Advanced Load Balancing For Developers. The Network Dev Tool
It has been a while since I wrote an installment of Load Balancing for Developers, and now I think it has been too long, but never fear, this is the grad-daddy of Load Balancing for Developers blogs, covering a useful bit of information about Application Delivery Controllers that you might want to take advantage of. For those who have joined us since my last installment, feel free to check out the entire list of blog entries (along with related blog entries) here, though I assure you that this installment, like most of the others, does not require you to have read those that went before.
ZapNGo! Is still a growing enterprise, now with several dozen complex applications and a high availability architecture that spans datacenters and the cloud. While the organization relies upon its web properties to generate revenue, those properties have been going along fine with your Application Delivery Controller (ADC) architecture.
Now though, you’re seeing a need to centralize administration of a whole lot of functions. What worked fine separately for one or two applications is no longer working so well now that you have several development teams and several dozen applications, and you need to find a way to bring the growing inter-relationships under control before maintenance and hidden dependencies swamp you in a cascading mess of disruption.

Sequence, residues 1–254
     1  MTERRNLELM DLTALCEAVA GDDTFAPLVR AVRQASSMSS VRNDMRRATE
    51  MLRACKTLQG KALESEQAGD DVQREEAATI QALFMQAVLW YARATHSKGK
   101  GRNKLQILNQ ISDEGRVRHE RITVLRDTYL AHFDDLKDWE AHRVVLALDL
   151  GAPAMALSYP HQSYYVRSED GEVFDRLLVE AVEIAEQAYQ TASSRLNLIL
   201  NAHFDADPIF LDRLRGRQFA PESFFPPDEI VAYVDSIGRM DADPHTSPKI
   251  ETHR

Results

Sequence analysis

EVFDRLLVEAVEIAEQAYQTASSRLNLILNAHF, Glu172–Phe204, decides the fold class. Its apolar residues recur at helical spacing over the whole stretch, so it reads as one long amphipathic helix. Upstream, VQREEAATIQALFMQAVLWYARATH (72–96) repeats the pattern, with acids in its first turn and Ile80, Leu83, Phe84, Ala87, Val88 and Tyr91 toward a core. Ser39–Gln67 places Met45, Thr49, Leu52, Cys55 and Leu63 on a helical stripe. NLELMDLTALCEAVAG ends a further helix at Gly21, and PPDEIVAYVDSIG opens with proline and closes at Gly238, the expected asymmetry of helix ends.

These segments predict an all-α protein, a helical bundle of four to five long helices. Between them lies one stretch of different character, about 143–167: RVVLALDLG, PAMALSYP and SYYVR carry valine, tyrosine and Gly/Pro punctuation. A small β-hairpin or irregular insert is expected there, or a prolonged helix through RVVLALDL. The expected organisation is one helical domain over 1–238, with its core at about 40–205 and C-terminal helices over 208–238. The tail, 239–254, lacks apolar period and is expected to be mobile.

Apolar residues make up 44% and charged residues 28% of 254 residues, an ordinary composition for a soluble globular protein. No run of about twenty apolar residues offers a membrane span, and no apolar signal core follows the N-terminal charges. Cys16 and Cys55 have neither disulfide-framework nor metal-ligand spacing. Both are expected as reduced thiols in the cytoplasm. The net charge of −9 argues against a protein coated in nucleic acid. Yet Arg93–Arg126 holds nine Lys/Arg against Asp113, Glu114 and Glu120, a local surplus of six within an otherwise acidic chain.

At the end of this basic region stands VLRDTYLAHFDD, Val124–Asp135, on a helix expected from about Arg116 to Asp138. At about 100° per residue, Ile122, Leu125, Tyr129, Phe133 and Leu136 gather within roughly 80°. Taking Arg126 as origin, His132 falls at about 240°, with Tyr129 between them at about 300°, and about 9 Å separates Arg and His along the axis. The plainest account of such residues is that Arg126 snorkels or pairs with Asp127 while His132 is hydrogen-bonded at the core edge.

With maintenance taking a growing portion of your application development manhours, and a reasonably well positioned test environment configured with a virtual ADC to mimic your production environment, all you need now is a way to cut those maintenance manhours and reduce the amount of repetitive work required to create or update an application. Particularly update an application, because that is a constant problem, where creating is less frequent.
With many of the threats that your ZapNGo application will be known as ZapNGone eliminated, now it is efficiencies you are after. And believe it or not, these too are available in an ADC. Not all ADC’s are created equal, but this discussion will stay on topics that most ADCs can handle, and I’ll mention it when I stray from generic into specific – which I will do in one case because only one vendor supports one of the tools you can use, but all of the others should be supported by whatever ADC vendor you have, though as always, check with your vendor directly first, since I’m not an expert in the inner workings of every one.